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From The Extension Desk

Recently, there have been reports of increased false chinch bug activity across Montana. This activity has been reported in canola and mustard fields, and includes areas bordering Roosevelt County.

The false chinch bug is a native insect to the prairies, that generally feeds on weeds and range plants. During dry springs, however, they can become problematic in crops, especially members of the mustard family. They will feed on several other crops and garden plants, including wheat, sunflowers, soybeans and potatoes.

The adult false chinch bug is gray or light brown and 1/8 to 1/6 inches long. Adult false chinch bugs also have transparent/white wings that form an X when the wings are folded. They are similar in appearance to bigeyed bugs and chinch bugs.

The adult false chinch bug overwinters under plant debris (generally in weedy borders and rangeland), emerging when spring temperatures begin to warm. They will lay eggs soon after emerging. False chinch bugs lay their eggs in cracks in the soil. Eggs incubate around four days before the nymphs hatch. The nymphs are lighter colored than the adults, with occasional orange spots on their abdomen. The nymphs are generally found around the base of plants. Over the next 21 days, nymphs will undergo around five molts before reaching adult size. Multiple generations are possible through the summer. The false chinch bugs feed by piercing the plants and sucking out the juices. Adults are capable of flying and feed on all parts of the plant.

During most years, false chinch bugs are not considered a problem. During dry years, however, they can cause stunting or more severe damage. Damage may occur at any stage of growth and tends to be scattered throughout the field. Assessing damage is often difficult, as it is often in isolated pockets. Signs of damage may include dry plants, leaf curling and stunted growth.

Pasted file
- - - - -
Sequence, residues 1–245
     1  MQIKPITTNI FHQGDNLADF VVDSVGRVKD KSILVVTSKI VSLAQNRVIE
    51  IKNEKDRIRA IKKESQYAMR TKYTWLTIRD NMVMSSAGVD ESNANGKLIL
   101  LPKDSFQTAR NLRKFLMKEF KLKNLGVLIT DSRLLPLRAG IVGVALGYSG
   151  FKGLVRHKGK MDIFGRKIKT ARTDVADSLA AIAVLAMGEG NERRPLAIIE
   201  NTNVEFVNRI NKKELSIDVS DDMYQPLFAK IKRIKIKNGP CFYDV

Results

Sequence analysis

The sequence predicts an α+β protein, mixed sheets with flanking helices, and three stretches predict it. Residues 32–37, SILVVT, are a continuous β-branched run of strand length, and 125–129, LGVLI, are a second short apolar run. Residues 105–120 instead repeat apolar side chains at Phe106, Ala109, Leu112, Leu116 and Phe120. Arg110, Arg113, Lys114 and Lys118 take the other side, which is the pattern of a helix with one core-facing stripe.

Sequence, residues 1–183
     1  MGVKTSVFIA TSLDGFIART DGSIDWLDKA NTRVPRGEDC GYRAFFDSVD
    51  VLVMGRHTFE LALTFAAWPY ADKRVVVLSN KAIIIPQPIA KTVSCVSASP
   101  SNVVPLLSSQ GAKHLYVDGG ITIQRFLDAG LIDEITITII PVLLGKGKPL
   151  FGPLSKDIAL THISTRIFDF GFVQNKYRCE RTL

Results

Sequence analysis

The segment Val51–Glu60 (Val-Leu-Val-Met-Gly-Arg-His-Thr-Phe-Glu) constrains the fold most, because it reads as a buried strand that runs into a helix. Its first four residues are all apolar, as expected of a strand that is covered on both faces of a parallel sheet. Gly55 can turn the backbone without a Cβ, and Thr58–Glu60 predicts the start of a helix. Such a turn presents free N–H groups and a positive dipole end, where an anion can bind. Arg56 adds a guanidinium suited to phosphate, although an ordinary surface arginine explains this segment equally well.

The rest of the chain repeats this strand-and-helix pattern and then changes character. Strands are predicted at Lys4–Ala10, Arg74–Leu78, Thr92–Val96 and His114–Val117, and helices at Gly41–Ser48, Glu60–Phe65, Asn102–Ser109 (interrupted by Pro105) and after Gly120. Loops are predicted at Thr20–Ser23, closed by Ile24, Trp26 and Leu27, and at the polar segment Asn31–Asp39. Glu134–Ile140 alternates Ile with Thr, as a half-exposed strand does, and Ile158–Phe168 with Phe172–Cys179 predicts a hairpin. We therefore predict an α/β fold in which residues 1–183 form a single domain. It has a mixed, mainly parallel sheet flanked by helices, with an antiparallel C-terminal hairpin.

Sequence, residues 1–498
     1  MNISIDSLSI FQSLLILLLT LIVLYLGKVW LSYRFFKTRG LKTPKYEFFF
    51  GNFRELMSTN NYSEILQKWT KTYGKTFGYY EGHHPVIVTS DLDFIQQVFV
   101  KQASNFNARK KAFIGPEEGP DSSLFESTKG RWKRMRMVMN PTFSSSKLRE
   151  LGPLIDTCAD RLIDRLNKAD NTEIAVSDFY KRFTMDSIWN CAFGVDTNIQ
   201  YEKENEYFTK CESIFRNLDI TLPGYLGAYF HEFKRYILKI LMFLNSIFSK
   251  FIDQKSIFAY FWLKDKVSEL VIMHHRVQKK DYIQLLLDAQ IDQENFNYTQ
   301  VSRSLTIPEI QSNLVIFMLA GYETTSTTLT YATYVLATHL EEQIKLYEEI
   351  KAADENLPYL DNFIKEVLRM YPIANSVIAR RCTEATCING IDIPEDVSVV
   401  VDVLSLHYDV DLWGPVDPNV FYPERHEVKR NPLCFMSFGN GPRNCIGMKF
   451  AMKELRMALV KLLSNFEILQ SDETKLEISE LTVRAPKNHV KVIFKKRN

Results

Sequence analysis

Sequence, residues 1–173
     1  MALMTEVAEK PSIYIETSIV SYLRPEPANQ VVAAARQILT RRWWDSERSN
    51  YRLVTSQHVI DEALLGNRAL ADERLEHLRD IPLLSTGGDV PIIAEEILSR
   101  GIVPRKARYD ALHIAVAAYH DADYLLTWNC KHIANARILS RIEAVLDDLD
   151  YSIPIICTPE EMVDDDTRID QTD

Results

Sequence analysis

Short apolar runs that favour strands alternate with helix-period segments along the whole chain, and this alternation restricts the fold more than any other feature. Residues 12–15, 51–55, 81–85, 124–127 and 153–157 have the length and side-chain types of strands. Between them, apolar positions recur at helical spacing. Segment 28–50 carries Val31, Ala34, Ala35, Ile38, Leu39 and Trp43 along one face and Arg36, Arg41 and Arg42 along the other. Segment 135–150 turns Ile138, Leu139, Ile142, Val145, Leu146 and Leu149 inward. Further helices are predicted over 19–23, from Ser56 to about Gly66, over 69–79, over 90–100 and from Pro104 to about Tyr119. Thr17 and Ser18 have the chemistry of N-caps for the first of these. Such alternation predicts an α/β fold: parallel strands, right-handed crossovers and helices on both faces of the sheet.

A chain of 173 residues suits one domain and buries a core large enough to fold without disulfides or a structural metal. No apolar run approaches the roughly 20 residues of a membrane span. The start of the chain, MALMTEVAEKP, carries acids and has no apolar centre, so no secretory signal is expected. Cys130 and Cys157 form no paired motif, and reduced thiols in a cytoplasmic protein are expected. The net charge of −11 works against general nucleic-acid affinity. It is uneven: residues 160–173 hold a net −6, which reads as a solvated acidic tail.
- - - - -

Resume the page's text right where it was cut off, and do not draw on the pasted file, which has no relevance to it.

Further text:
During most years, treatment is not needed but when large numbers gather, treatment may become necessary. In severe outbreaks you may notice hundreds to thousands of bugs on a single plant or what is sometimes described as “clouds of false chinch bugs” flying over the field.

Quantifying the number on each plant may be difficult as they fly easily. This behavior, as well as the generally scattered, isolated nature of the damage in a field, makes setting economic thresholds difficult. Economic thresholds in canola in one resource differ from at 5-10 adult insects per head (of the plant) at blooming and 10-20 per head at pod fill to 20-30 per plant at flowering, and 40-50 per plant at pod fill. Scouting is especially important because damage is often scattered and isolated throughout the field.

Spot treatments are often more effective than total field treatments. Pyrethroids, mixed in large volumes of water are often recommended. Aim for full plant coverage when spraying.

Heavy rains may wash the insects off of the plants and drown them. Irrigation, when available, helps support the plant to recover from insect injury.

For more information, contact MSU Extension – Roosevelt County Agent Jeffrey Chilson at 787-5312 or Jeffrey. [email protected]

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